CHAPTER XIV. That the Romans interpreted the Auspices to meet the occasion; and made a prudent show of observing the Rites of Religion even when forced to disregard them; and any who rashly slighted Religion they punished.

Auguries were not only, as we have shown above, a main foundation of the old religion of the Gentiles, but were also the cause of the prosperity of the Roman commonwealth. Accordingly, the Romans gave more heed to these than to any other of their observances; resorting to them in their consular comitia; in undertaking new enterprises; in calling out their armies; in going into battle; and, in short, in every business of importance, whether civil or military. Nor would they ever set forth on any warlike expedition, until they had satisfied their soldiers that the gods had promised them victory.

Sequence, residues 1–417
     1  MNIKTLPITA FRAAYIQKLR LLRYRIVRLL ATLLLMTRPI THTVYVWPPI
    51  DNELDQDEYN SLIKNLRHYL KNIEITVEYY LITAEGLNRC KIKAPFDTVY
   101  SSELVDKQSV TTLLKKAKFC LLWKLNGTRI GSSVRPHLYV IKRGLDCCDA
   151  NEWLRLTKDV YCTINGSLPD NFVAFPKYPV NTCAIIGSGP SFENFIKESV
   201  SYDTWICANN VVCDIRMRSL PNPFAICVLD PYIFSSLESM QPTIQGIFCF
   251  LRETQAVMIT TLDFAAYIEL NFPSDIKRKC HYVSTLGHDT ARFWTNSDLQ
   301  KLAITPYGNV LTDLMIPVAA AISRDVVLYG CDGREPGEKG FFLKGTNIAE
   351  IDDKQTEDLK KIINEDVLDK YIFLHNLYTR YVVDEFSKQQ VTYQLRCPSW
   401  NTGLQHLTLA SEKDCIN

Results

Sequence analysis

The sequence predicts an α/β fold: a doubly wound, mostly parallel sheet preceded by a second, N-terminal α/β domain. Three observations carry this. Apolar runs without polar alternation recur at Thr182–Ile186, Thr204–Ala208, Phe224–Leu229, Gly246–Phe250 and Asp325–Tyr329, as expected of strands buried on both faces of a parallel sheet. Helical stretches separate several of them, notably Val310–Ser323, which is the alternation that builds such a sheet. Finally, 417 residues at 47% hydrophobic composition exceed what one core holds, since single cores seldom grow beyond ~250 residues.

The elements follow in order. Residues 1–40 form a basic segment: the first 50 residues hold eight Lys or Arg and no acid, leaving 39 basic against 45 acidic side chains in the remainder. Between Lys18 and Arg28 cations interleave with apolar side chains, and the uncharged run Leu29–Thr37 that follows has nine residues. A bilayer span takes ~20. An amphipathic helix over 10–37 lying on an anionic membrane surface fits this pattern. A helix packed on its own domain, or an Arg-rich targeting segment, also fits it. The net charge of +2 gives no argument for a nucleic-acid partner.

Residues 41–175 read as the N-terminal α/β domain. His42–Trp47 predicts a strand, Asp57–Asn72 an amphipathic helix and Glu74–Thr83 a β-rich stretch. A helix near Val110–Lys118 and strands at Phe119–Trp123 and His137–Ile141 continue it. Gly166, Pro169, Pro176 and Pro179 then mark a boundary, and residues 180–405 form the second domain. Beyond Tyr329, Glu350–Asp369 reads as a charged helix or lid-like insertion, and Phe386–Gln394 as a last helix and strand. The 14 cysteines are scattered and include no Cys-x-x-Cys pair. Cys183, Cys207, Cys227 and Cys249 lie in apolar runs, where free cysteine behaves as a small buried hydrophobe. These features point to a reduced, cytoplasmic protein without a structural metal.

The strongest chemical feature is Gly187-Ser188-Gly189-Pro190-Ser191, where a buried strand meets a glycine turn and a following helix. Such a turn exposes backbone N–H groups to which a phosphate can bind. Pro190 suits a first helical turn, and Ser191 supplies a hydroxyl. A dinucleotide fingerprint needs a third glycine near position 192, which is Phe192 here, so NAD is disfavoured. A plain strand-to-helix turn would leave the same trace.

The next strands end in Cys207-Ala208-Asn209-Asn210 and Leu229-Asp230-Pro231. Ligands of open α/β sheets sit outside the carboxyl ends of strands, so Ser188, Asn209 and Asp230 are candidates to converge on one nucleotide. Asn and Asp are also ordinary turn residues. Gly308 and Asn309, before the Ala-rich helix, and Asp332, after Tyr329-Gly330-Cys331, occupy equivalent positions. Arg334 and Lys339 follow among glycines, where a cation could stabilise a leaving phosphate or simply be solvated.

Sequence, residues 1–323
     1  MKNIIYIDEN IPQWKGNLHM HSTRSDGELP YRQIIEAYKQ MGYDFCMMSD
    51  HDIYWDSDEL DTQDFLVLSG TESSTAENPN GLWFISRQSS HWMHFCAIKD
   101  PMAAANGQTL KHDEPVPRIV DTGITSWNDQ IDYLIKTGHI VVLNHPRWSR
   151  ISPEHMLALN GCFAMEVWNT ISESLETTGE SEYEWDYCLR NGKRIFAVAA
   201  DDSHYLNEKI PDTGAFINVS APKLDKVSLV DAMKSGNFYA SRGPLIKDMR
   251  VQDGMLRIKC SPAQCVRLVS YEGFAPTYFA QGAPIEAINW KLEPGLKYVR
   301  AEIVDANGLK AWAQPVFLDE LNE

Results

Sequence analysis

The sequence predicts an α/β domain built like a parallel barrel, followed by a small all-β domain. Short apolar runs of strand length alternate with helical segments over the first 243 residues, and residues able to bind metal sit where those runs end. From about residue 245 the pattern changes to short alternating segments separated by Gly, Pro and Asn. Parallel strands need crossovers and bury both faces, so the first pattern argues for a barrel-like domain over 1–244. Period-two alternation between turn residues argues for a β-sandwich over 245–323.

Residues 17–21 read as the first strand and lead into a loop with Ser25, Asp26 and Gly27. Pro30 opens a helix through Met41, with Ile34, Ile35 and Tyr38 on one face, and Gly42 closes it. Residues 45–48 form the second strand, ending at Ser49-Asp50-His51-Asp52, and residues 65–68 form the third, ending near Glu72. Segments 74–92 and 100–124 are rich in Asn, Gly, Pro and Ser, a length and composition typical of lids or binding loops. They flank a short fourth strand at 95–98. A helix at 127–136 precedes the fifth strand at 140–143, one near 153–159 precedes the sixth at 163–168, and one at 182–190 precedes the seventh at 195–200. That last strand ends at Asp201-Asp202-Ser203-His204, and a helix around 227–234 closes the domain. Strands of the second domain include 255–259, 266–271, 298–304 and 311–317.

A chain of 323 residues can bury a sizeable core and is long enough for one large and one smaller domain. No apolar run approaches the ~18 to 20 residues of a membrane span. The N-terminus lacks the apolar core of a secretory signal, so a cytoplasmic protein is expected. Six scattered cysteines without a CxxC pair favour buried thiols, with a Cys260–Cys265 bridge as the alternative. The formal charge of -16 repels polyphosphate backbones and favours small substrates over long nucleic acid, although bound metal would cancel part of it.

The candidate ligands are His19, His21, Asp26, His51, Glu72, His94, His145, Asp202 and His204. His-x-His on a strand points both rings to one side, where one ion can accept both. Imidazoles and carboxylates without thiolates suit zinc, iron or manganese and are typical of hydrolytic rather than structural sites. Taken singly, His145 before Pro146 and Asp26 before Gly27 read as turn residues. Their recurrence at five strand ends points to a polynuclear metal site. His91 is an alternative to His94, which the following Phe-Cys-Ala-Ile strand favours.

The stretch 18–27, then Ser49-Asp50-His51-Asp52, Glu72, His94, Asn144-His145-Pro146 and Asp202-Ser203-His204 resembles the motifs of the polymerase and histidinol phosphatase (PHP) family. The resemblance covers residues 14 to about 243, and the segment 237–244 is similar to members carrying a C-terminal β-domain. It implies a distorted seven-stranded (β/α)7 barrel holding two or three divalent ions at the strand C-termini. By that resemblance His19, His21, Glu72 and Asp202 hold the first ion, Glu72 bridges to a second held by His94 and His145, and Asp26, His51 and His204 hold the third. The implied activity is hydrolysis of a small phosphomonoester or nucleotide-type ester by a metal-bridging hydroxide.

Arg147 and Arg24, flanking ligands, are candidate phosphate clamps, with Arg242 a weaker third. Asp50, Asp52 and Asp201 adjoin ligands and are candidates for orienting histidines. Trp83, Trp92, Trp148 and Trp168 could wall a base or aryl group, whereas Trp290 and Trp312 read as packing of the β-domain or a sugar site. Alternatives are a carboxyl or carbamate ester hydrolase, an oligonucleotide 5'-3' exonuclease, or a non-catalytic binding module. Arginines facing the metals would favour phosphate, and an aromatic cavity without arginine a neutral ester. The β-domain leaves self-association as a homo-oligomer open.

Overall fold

Among other means of declaring the auguries, they had in their armies a class of soothsayers, named by them pullarii, whom, when they desired to give battle, they would ask to take the auspices, which they did by observing the behaviour of fowls. If the fowls pecked, the engagement was begun with a favourable omen. If they refused, battle was declined. Nevertheless, when it was plain on the face of it that a certain course had to be taken, they take it at all hazards, even though the auspices were adverse; contriving, however, to manage matters so adroitly as not to appear to throw any slight on religion; as was done by the consul Papirius in the great battle he fought with the Samnites wherein that nation was finally broken and overthrown. For Papirius being encamped over against the Samnites, and perceiving that he fought, victory was certain, and consequently being eager to engage, desired the omens to be taken. The fowls refused to peck; but the chief soothsayer observing the eagerness of the soldiers to fight and the confidence felt both by them and by their captain, not to deprive the army of such an opportunity of glory, reported to the consul that the auspices were favourable. Whereupon Papirius began to array his army for battle. But some among the soothsayers having divulged to certain of the soldiers that the fowls had not pecked, this was told to Spurius Papirius, the nephew of the consul, who reporting it to his uncle, the latter straightway bade him mind his own business, for that so far as he himself and the army were concerned, the auspices were fair; and if the soothsayer had lied, the consequences were on his head. And that the event might accord with the prognostics, he commanded his officers to place the soothsayers in front of the battle. It so chanced that as they advanced against the enemy, the chief soothsayer was killed by a spear thrown by a Roman soldier; which, the consul hearing of, said, "All goes well, and as the Gods would have it, for by the death of this liar the army is purged of blame and absolved from whatever displeasure these may have conceived against it." And contriving, in this way to make his designs tally with the auspices, he joined battle, without the army knowing that the ordinances of religion had in any degree been disregarded.